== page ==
The unit concentrates on the composition of series, serials and continuing drama as opposed to the single play, in the context of critical awareness of contemporary dramatic writing. It reinforces and develops students' pitching, storylining and scriptwriting skills. Students will study the historical development of episodic drama and professional writers' responses to new technologies, including webcasting; key texts will illustrate a range of formats such as cop shows, comedy series, sci-fi, soaps, medical/hospital drama and explore the relationships between generic and 'authored' series. Students will devise the premise for a long-running drama to be pitched in class, and then work in teams to plot storylines over a number of episodes. In the light of feedback from tutor and peers, each student will then write her or his own individual version of the narrative framework for the group-devised story. Each writer will then script fifteen minutes of playing time of the devised storylines

Advanced Audio and Video

This unit will build on students' understanding of advanced audio and video skills and methods employed by journalists. It will explore the theory behind audio and video journalism in relation to contemporary debates. Building on operational techniques, including editing, research, interviewing, scripting and presentation students will critique content and consider ethical issues.

Writing in Genres

The course will begin with an overview of the genres under consideration; thereafter students will have the opportunity to try their skills in three different genres in workshops dedicated to each specialism. The genres on offer may vary each year depending on staff, but might include three from e.g. historical fiction, crime fiction, fantasy writing and science fiction. In the first term, students will submit a portfolio of short pieces selected from their creative work in these genres. In the second term, students will concentrate on an extended piece of creative writing in their genre of choice. Both the portfolio and the extended piece will be accompanied by a critical reflection on the creative process.

Reading and Writing Games

This unit provides an analytical study of a range of twenty and twenty-first century games both analogue and digital. You will be introduced to the critical and historical field of game studies, and given guidance on the appropriate techniques for writing for gaming and the experience of working with pre-determined project briefs.

Writing and Place

This unit will critically analyse the representation of place in key contemporary texts. These texts, drawn from a range of genres, will be evaluated within the frameworks (including literary geography and ecocriticism) provided by contemporary theoretical debates. The unit will also situate creative and conceptual writing about place within the context of 'real world debates': topics to be covered will include environmental crisis, regeneration and the post-industrial city, and digital technologies and spatial literacy.

Reading Children's Literature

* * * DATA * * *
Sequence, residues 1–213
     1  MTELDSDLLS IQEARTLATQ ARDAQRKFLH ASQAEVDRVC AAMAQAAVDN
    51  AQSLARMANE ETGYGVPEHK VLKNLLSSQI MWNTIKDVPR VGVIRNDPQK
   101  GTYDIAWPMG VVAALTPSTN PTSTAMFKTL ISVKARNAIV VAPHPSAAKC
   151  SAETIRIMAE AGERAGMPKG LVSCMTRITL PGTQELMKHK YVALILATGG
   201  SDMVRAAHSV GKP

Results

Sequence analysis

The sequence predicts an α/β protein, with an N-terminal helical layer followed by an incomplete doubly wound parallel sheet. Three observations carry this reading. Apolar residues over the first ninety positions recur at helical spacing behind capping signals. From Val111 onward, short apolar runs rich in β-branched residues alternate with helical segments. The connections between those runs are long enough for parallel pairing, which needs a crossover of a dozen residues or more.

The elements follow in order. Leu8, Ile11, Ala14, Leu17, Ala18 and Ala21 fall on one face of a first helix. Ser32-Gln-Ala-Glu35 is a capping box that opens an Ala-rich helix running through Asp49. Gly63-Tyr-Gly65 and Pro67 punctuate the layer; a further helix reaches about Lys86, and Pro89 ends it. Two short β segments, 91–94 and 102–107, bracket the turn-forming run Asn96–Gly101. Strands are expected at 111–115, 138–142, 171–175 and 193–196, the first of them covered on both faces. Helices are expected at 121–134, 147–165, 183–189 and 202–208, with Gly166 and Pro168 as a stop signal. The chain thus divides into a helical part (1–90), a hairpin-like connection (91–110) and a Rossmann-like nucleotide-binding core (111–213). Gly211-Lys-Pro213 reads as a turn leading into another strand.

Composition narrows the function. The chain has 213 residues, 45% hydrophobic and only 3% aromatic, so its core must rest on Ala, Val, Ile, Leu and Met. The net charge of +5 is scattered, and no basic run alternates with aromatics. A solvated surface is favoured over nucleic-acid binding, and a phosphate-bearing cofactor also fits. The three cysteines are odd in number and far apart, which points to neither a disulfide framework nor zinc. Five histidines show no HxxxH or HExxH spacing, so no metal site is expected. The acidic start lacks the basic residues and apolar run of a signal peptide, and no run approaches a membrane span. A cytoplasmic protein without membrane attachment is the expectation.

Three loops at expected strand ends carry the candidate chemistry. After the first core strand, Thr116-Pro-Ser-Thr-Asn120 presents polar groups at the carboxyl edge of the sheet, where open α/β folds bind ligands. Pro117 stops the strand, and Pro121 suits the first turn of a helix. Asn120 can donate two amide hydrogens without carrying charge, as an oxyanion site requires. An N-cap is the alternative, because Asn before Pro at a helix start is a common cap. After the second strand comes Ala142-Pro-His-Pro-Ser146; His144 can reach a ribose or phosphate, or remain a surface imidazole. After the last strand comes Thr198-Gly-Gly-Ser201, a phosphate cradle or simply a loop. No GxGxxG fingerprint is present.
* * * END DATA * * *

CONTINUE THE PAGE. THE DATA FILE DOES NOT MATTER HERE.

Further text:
This unit provides an analytical study of a range of classic and modern texts written for children. It also uses these texts as models for the production of new texts. The unit also covers appropriate techniques for writing for children. It provides you with the skills to analyse a range of children's literature, and to use the resulting knowledge to produce original texts suitable for teenagers and children. 

This unit may also be taken as a 15+15-credit combination with EdLab'.

EdLab (15 credit unit)

EdLab units enable you to gain credit for project-based learning conducted in partnership with external practitioners, charities and social enterprises, educational providers and other workplaces. Your project may be the development of products or resources, interventions or educational opportunities.

This must be taken with the co-requisite unit ‘Reading Children's Literature' (15 credit unit) OR Reading Games (15 credit unit).

Sports Journalism

Content will provide students with a basic understanding of the world of sports journalism; insight into the often complex relationship between sports organisations/clubs and the media; an understanding of how sports news can also cross into the wider news agenda. Students will write match reports, news and feature items for various outlets, and appraise and analyse the differences in reporting of local, national and global events.

Language, Image, Media

This coursework-based unit promotes the development of an understanding of how linguistic and non-linguistic communication systems operate within mass media. It examines intercultural issues in specific settings such as politics, the corporate environment and the media. It equips students with the tools for carrying out empirical research, presenting findings and critically evaluating media discourse and cultural artefacts.

American Literature & Culture 1945 to the Present
The unit surveys American literature and culture (including black and African American music) from 1945 to the present day. It introduces you to the range and diversity of recent US literature, beginning in the post-World War II period and continuing through to the present day. Alongside the study of literature, students explore the wider cultural scene in the US, in particular, the political and social significance of black and African American music.
Cultures of Life and Death: Debates In Contemporary Literature, Film and Theory

This unit investigates the question of the human in contemporary cultural debate. In this exchange - between theory and cultural texts - topics such as neoliberalism, bare life and biopolitics, contagion and immunity, bodily commodification, surveillance culture, artificial intelligence and neurochemical selfhood will be explored via a discussion of a range of key theoretical, literary and cinematic texts. 

Modern Gothic